Posts Tagged ‘discrimination’

    Double standard

    Friday, May 23rd, 2008

    Hillary Clinton is getting a raw deal. That’s not in reference to her politics; it’s in reference to her gender.

    The never-ending race for the Democratic presidential nomination between Clinton and Barack Obama is peeling back layers and layers of this country’s long-shot hope for equality.

    Sexism vs. racism — which is more offensive?

    Ideally, we want to believe that both are regarded with an equal degree of seriousness, because both are forms of discrimination — plain and simple. Realistically, however, that isn’t the case. Realistically, we tolerate sexism far more than we do racism.


    Way back in January, while addressing supporters at a campaign stop in New Hampshire, Clinton was interrupted by two men who stood up with signs and repeatedly yelled, “Iron my shirt!” The signs matched their moronic proclamation. Soon after the outbursts, the men were escorted out of the building, not to be heard of or from again.

    Ah, the remnants of sexism — alive and well,” Clinton said after the commotion subsided.

    Upon hearing the news, reaction around the newsroom consisted of incredulity mixed with laughter. There was something about the incident that prompted some to chuckle, and conclude how ridiculous certain people can be.

    Now, I’d like to present another scenario:
    Let’s say that Obama was at a rally. And during his speech, two individuals stood up flaunting signs and yelling, “Shine my shoes!”

    What would the reaction be to that? Would there be chuckles? Would the occurrence be chalked up merely as ridiculous? Would we forget about it three days later? Or would the media latch on to the episode to spurn scores of news stories and analyses about race relations in America?

    We’d quickly describe “Shine my shoes!” toward Obama as hate speech. But never once have I heard someone describe the “Iron my shirt!” demand toward Clinton as hate speech.

    Sexism and racism are both, by law, equal forms of discrimination. Yet they don’t prompt equal responses. 


    The right to marry

    Friday, May 16th, 2008

    When the California Supreme Court ruled yesterday to overturn the ban on gay marriage, I was curious to read what the justices would write regarding their decision.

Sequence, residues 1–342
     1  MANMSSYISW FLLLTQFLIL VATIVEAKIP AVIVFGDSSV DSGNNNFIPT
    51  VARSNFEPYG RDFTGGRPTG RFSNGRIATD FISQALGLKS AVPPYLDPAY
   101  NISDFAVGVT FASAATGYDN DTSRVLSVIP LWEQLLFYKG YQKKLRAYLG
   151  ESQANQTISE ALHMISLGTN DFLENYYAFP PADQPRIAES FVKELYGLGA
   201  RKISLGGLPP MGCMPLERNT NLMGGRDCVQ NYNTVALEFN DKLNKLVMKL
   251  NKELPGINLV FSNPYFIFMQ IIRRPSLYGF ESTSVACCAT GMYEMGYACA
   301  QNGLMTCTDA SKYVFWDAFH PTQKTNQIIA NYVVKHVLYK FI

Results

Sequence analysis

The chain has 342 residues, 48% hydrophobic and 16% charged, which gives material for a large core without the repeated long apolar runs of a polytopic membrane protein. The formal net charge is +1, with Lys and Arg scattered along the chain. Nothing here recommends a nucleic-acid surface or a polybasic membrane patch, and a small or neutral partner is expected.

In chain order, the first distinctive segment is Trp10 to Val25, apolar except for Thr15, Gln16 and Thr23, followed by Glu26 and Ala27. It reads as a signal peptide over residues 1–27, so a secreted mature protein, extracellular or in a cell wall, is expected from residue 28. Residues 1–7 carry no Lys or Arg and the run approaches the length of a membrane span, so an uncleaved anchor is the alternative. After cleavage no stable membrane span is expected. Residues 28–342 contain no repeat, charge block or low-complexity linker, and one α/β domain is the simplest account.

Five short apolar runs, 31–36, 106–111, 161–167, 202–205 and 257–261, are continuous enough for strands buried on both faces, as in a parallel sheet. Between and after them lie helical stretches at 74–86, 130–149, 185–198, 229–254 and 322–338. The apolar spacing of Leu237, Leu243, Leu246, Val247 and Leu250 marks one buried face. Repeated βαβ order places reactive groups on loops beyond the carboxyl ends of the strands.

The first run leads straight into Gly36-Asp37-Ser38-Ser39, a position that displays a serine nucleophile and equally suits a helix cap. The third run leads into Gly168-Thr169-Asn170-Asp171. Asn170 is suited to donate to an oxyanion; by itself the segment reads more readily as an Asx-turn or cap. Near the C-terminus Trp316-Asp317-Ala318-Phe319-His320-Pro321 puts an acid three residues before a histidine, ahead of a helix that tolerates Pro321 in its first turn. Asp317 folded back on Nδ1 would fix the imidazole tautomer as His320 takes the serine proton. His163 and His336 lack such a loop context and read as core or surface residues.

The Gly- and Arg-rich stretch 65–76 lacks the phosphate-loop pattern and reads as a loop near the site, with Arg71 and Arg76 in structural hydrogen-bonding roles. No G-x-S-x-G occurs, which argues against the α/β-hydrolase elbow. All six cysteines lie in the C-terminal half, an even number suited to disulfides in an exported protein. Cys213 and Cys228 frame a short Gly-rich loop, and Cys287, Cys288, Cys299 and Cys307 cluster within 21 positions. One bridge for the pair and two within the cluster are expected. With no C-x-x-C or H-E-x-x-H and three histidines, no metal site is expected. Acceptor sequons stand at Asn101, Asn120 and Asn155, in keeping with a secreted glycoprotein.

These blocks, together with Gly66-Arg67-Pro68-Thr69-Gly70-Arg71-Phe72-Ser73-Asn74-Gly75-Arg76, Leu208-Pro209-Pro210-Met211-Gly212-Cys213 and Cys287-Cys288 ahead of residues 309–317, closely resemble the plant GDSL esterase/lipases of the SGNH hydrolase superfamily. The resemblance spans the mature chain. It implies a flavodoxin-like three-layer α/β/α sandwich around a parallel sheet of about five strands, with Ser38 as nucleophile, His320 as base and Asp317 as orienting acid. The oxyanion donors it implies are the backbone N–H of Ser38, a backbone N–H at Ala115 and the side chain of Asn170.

Because it seems only fair that this nation start recognizing gay marriage as marriage, regardless of whether that term relates to the union between man and woman, man and man, or woman and woman.

    I thought to myself: How is this current resistance that much different from that which existed in the early part of the 20th century and beyond, when it was illegal for a black man and a white woman to marry?

    And, stretching the logic a bit further, I thought: If we perceive marriage between a same-sex couple as a lesser marriage, should we perceive a parent who adopts a child as a lesser parent? Do we not give that mother and her child as equal rights as we’d give a mother who carried her child in her womb?

    Parenting is parenting, the way marriage is marriage — a relationship based on love, which yields to no such barriers as race, gender, class, religion or sexual orientation.

    And so said Chief Justice Ronald George of the California Supreme Court:

    An individual’s sexual orientation — like a person’s race or gender — does not constitute a legitimate basis upon which to deny or withhold legal rights. …Reserving the historic designation of ‘marriage’ exclusively for opposite-sex couples poses at least a serious risk of denying the family relationship of same-sex couples . . . equal dignity and respect.”

    Yes, I thought, marveling over the simplicity of it all. 

    Justice George went on to say that the ruling, which was divided 4-3, was based on California’s 1948 decision to end its ban on interracial marriage. That ruling, to my surprise, was handed down 20 years before the U.S. Supreme court followed suit. I wonder how long it’ll be before homosexuals across the nation can marry and attain the same civil rights as heterosexuals.

    Describing gay marriage as “untraditional” is true. But if we remind ourselves of the past “traditions” of United States, such as slavery, does “untraditional” really sound so bad?

    Sure, change is difficult to follow. But we will neither survive nor succeed unless we accept change, and then adapt to it.

    minalisms.com designed by Solvm validate xhtml // css // wordpress // (mt)